No retailer wants to stock its shelves with products that aren’t selling, but it’s a challenge for businesses to come up with just the right inventory balance. Using data from one national retailer’s top-performing stores, a group of students in Krannert’s Master of Science in Business Analytics and Information Management (MSBAIM) program found a solution they estimate could lead to an 11 percent profit increase for the company.
The students won MSBAIM’s inaugural Future Edelman Impact Award competition for their work.
The Future Edelman Award – named after the prestigious Franz Edelman Award for Achievement in Advanced Analytics, Operations Research, and Management Science of the Institute for Operations Research and the Management Sciences (INFORMS) – had MSBAIM student teams compete against each other to not only use data analytics to solve a common business problem, but also to explain the solution to a lay audience on YouTube.
There were two phases of the Future Edelman competition: First, students created posters and short videos of their capstone projects that were judged by corporate partners that work with MSBAIM. Next, the top three student groups from the first phase created three-minute YouTube videos about their projects. The winning team was the one with the most likes for its video after a week on YouTube.
Practical solutions with wide applicability
The first Future Edelman award went to Dhruv Shrivastava, Aaron Chen, Utkarsh Bajaj, Toolika Agarwal, Manandeep Gill, and Prerana Das. Das anticipates that each of the company’s stores can increase its profits on average about $138,000 per year by implementing the team’s product assortment recommendations. She notes that could add up to more than $6 million across the 5,000 stores the team analyzed.
“This victory meant that we learned optimization in the right way and could present it such that reached to a larger audience,” says Das. “It boosted our confidence in working on data science or advanced analytics problems in real world scenarios.”
One of the other finalist teams worked with a data science consulting firm to create a tool for automated A-B testing, while the third team used artificial intelligence natural language analysis to help a healthcare research and development company more efficiently identify patent applications that may be infringing the company’s patents.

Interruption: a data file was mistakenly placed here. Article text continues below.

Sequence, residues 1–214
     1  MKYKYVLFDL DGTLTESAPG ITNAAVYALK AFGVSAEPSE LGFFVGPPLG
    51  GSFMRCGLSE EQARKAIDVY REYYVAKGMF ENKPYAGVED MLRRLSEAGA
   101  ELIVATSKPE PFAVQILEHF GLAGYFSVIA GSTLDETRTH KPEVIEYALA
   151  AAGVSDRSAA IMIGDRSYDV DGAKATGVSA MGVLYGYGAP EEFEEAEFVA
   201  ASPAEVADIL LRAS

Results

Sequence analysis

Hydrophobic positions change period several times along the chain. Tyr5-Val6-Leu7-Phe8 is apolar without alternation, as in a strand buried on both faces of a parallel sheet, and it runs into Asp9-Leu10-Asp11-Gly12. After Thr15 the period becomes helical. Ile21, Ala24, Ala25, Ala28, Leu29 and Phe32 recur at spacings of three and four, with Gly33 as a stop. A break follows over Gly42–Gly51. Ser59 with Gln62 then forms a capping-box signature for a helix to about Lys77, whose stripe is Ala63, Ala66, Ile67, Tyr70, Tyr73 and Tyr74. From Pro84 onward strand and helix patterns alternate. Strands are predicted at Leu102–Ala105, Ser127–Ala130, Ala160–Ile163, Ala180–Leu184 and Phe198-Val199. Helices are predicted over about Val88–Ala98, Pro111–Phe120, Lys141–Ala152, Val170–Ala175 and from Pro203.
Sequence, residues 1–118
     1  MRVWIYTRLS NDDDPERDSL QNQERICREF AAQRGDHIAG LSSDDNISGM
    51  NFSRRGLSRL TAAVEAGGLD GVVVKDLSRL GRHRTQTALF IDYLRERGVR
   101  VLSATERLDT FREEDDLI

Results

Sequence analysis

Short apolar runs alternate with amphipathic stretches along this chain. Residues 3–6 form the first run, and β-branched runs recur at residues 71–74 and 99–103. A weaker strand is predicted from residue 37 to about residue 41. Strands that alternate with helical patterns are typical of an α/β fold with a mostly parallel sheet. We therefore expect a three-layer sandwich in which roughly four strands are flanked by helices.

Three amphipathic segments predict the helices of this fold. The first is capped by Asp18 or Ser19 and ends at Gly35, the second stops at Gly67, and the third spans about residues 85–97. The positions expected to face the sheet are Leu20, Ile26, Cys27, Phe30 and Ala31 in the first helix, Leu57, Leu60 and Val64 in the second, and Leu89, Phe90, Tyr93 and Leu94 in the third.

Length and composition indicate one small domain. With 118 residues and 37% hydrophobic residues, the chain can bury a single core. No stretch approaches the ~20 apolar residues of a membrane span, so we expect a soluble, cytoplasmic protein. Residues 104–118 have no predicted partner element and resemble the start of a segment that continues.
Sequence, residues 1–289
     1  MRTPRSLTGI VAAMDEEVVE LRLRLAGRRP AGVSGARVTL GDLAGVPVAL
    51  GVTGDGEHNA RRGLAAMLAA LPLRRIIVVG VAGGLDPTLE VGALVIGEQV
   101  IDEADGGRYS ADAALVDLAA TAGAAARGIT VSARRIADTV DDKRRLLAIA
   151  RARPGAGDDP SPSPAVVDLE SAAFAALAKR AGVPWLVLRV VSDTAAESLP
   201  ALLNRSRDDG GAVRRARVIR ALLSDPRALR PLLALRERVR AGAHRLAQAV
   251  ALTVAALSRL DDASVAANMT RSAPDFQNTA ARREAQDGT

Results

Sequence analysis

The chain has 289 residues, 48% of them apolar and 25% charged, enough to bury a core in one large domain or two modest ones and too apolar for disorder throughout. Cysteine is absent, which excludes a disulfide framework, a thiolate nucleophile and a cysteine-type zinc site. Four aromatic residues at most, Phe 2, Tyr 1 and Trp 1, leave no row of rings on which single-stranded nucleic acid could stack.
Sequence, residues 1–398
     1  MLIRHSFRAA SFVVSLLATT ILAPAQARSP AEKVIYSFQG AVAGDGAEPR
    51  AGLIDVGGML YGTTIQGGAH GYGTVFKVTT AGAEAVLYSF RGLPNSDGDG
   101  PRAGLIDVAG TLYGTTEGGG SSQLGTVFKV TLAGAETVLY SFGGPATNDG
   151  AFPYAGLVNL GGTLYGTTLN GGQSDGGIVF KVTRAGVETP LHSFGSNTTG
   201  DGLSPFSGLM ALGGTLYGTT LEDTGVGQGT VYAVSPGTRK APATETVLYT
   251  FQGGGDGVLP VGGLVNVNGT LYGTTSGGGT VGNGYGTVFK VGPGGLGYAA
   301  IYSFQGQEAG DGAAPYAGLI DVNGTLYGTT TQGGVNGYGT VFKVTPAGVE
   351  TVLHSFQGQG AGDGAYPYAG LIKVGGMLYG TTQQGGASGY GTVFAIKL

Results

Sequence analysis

While the teams worked with companies in specific industries, their solutions have potential for wider applicability. For example, the patent infringement detection software could also be used to identify plagiarism.
Communication skills key for future careers
According to Matthew Lanham, academic director of the MSBAIM program and clinical assistant professor of management, one of the main skills developed through the competition was communicating analytical results and recommendations with clients who aren’t data scientists. He says the focus for the students was, “Did you find the right balance of rigor, technical jargon, and layman language so that your audience can actually appreciate the work performed and the takeaways from it?”
Padma Dwivedi worked on the A-B testing solution. Her team found it challenging to compress a “three-month journey into a three-minute video” that emphasized the benefits of their project rather than the data analysis. To illustrate the team’s approach, she quotes Denzel Washington’s character, attorney Joe Miller, from her favorite movie, “Philadelphia.” Miller’s catchphrase was, “Explain it to me like I’m a four-year-old.”
“It’s a real client,” Das notes. Although she and her team used algorithms and complex data to solve the product mix problem, she says the focus of their communications with the client was on the business impact.
Lanham knows what it takes to compete in the actual Edelman competition, which he says is “basically the Nobel Prize of applied analytics.” He has coached Edelman Award competitors and notes that no matter how technically proficient competitors are, they can’t win if they don’t know how to present their ideas. He hopes the Future Edelman competition has planted a seed in his students’ minds, noting, “I really want to see one of our alumni be a real Edelman one day.”
Benefit for partner companies
According to Lanham, the companies that work with MSBAIM students benefit from a fresh view of their challenges from an unbiased, outside viewpoint. He also notes that working with companies during the MSBAIM program can lead to employment after graduation.
“One thing that we didn’t expect was the level of client involvement and interest,” notes Lakshay Vohra, who worked on the patent infringement detection tool. “The level of interest and involvement they had within a project like this one showed how the industry perception and acceptance for data science has evolved over the years. This is good news for professionals like us who are just entering this space.”